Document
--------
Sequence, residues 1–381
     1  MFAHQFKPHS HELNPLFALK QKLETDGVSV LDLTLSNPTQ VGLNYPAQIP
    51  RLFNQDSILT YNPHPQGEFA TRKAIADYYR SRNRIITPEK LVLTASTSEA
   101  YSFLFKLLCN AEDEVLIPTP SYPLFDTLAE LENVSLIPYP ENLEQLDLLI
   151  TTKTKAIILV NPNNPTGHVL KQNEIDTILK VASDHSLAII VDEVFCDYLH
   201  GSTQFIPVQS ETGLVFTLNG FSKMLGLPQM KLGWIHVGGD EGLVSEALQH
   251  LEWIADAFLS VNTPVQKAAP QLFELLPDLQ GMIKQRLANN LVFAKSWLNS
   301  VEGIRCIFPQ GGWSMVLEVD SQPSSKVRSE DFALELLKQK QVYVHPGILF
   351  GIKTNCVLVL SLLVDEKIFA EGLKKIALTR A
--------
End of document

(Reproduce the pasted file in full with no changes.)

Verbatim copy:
Sequence, residues 1–381
     1  MFAHQFKPHS HELNPLFALK QKLETDGVSV LDLTLSNPTQ VGLNYPAQIP
    51  RLFNQDSILT YNPHPQGEFA TRKAIADYYR SRNRIITPEK LVLTASTSEA
   101  YSFLFKLLCN AEDEVLIPTP SYPLFDTLAE LENVSLIPYP ENLEQLDLLI
   151  TTKTKAIILV NPNNPTGHVL KQNEIDTILK VASDHSLAII VDEVFCDYLH
   201  GSTQFIPVQS ETGLVFTLNG FSKMLGLPQM KLGWIHVGGD EGLVSEALQH
   251  LEWIADAFLS VNTPVQKAAP QLFELLPDLQ GMIKQRLANN LVFAKSWLNS
   301  VEGIRCIFPQ GGWSMVLEVD SQPSSKVRSE DFALELLKQK QVYVHPGILF
   351  GIKTNCVLVL SLLVDEKIFA EGLKKIALTR A